Now biologists can get much more accurate information about endangered bats, birds and insects. A new recording system, developed at the University of Southern Denmark, has revealed many previously unknown and highly valuable details about bats.
Gone are the days where biologists had to sit in tents for several days with binoculars and infrared cameras in order to register endangered animals. A new monitoring system, which for two months has continuously recorded bat activity on the roof of a garage at the University of Southern Denmark has proven so effective that it has revealed two bat species that scientists did not believe lived in the area.
A growing concern about endangered species has created a need for a system to effectively monitor the endangered animals. Bats are endangered, and they live right here in our backyard at the university. Also the university is about to undergo major construction work, which will triple the number of buildings in the area. It is an obviously good idea to monitor how this will affects our bats, explains Professor John Hallam from Maersk Mc-Kinney Moller Institute University of Southern Denmark.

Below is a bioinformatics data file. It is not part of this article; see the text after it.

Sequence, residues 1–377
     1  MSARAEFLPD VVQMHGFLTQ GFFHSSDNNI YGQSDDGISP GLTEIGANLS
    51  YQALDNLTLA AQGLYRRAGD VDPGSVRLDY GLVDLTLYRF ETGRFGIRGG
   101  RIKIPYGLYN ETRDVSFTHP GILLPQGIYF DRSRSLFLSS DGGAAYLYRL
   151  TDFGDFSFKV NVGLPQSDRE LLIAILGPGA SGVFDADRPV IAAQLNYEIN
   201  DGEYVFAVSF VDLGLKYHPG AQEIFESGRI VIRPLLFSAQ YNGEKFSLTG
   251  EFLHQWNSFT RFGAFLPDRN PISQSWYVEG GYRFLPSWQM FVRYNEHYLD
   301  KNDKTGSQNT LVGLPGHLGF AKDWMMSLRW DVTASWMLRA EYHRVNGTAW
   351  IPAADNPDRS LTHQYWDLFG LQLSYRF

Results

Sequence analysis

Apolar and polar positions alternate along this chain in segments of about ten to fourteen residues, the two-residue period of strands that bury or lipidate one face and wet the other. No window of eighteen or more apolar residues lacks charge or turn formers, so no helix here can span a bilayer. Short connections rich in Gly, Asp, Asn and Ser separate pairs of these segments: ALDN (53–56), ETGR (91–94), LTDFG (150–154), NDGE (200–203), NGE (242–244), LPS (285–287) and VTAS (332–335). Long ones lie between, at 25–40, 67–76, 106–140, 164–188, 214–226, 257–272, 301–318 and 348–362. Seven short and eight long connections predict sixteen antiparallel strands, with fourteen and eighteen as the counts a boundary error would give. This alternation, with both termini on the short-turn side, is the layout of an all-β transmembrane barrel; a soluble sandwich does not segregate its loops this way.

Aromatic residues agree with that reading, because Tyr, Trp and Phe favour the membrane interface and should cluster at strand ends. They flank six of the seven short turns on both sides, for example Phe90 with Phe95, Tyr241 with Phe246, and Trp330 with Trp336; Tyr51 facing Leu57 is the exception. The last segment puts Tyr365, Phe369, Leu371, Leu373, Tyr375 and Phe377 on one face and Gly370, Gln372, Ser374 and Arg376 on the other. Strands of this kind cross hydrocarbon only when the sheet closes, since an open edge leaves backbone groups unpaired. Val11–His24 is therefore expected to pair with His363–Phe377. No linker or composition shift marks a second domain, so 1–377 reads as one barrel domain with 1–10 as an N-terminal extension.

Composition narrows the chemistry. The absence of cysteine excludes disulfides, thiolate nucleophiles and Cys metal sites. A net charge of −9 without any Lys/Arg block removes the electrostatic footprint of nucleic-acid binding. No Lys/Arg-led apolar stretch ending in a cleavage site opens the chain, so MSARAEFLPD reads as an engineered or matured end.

The researchers placed the new recording equipment about five meters above the ground on top of a garage building where bats often fly by.
We got two months of continuous recording from the site. It would be impossible for one person to sort the recordings, but the automatic processing of recordings identified 115,000 bat sounds. Using the automatic processing, we end up with only a small part of recordings in need of humane processing, explains John Hallam.
This is the first recording system, which can monitor a range of insects, birds and bats effectively. And it can have major implications for how effectively biologists in the future determine the range of animal species.
According to the bat expert, Professor at Department of Biology at the University of Southern Denmark
|Contact: Birgitte Svennevig|
University of Southern Denmark